The new event was developed in a partnership between the International Tennis Federation and the investment group Kosmos, which was founded by the Barcelona and Spain player.

Pique said he knows it will not be easy to have all top-ranked players participating.

“This is a team event, so it’s impossible to have all the top players involved. Some teams won’t qualify, not everybody will be able to play anyway,” Pique said. “Of course we would like to have the top players, but we want to focus on the teams.”

Stars such as Novak Djokovic and Roger Federer have already hinted they don’t intend to play. Djokovic said the tournament could be competing with the ATP’s World Team Cup, while Federer said the revamped Davis Cup didn’t seem to be designed for him.

Pique said he already didn’t expect Federer to be playing, noting the Swiss veteran has limited his tournament schedule in recent years and might not “have the legs” to play in the Davis Cup again. He said he still hoped to convince Djokovic, though.

“I have a lot of confidence that we can negotiate and the top players will play,” Pique said.

The new format of tennis’ top team event will be a season-ending, 18-team tournament, but teams will still play matches in February to advance to the championship in November. The Davis Cup has previously been played over four weekends throughout the year.

The first championship will be held next year from Nov. 18-24 on an indoor hardcourt at the Magic Box arena, which already hosts the Madrid Masters. The ITF said players will compete for prize money that will rival what is offered in Grand Slams.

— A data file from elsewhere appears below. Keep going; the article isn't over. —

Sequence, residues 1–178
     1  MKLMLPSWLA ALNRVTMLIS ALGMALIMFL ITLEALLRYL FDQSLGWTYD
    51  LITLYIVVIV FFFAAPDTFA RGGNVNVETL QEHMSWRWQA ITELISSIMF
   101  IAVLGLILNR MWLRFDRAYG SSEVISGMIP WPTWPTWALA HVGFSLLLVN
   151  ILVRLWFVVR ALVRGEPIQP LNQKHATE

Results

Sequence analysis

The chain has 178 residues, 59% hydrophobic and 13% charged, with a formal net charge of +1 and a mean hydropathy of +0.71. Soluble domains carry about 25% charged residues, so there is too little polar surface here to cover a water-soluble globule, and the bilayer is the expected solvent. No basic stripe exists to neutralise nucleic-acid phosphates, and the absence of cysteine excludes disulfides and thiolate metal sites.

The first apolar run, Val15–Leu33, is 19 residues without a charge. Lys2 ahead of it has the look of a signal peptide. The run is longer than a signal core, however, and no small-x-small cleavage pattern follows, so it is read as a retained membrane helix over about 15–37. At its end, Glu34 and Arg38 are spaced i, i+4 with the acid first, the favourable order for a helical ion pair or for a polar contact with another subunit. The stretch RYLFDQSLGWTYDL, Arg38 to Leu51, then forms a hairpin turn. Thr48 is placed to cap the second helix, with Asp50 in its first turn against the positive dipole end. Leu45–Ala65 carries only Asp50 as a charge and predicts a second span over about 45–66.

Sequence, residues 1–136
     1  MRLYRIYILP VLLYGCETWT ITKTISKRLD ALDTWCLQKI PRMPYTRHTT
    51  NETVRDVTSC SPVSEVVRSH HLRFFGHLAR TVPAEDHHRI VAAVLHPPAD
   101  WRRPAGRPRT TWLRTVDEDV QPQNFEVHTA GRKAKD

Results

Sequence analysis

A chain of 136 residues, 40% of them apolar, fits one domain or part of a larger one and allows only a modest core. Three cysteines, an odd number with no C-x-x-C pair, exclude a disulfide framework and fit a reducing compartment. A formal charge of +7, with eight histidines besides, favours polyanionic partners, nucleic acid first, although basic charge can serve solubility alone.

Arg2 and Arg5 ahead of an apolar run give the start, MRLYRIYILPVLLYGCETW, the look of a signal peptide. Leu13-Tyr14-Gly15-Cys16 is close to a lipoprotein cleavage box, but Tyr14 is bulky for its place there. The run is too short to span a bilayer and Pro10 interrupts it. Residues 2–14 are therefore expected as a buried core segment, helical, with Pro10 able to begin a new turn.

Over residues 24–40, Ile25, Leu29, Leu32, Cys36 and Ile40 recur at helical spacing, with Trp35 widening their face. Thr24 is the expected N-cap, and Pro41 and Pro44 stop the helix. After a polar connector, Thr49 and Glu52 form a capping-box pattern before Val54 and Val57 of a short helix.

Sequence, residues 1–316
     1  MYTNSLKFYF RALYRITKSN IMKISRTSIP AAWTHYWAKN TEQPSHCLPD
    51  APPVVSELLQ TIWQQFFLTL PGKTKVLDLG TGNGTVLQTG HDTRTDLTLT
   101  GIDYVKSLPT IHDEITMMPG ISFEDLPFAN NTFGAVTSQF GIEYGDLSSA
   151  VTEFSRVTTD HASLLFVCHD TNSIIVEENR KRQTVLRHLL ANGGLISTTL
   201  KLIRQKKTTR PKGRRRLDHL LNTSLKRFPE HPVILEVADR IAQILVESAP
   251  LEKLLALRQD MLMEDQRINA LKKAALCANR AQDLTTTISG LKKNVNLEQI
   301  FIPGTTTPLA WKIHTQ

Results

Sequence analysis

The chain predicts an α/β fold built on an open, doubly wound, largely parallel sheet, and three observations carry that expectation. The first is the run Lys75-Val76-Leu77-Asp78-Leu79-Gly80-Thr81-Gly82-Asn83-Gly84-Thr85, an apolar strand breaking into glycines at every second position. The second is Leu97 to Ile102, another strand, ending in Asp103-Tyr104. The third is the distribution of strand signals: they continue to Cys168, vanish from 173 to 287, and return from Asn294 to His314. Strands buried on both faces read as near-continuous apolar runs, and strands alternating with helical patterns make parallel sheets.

Pique said there is no “perfect date” for the tournament as the tennis calendar is very tight, but he was happy with the week they picked.

“We’ve spoken with everybody,” he said. “We think this is a week that won’t affect any of the other tournaments. We want to be well seen in the tennis world. We are here to help. We think this will be a magical week for the world of tennis.”

The 2018 Davis Cup semifinalists – Croatia, France, Spain and the United States – have already secured their spot in next year’s tournament, along with Argentina and Britain.

Defending champion France will host Croatia in the last Davis Cup final in the current format from Nov. 23-25 in Lille.

Stephens, Pliskova both lose at Kremlin Cup

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MOSCOW — Sloane Stephens and Karolina Pliskova were both eliminated from the Kremlin Cup on Wednesday, with the latter result ensuring that Elina Svitolina has qualified for the WTA Finals.

The fifth-ranked Pliskova lost to Russian veteran Vera Zvonareva 6-1, 6-2, holding serve only once in the match.

Because of the loss, Svitolina will play in the season-ending WTA Finals in Singapore. Pliskova can still qualify, but she could also be overtaken by Kiki Bertens.

The 34-year-old Zvonareva, a former Wimbledon and U.S. Open finalist, will next face Anastasija Sevastova in the quarterfinals. The Latvian beat Yulia Putintseva 7-5, 4-6, 6-4.

Stephens lost to Tunisian qualifier Ons Jabeur 6-3, 6-2. The third-seeded American, who had a first-round bye, lost her opening service games in each set.

Stephens, the 2017 U.S. Open champion, secured qualification for the WTA Finals last week after a strong season which included reaching the French Open final.

Jabeur will next face Anett Kontaveit in the quarterfinals. The eighth-seeded Estonian beat Kristina Mladenovic 6-2, 7-6 (3).

In the men’s draw, Ricardas Berankis beat Aljaz Bedene 3-6, 7-6 (3), 7-6 (5) to reach the quarterfinals.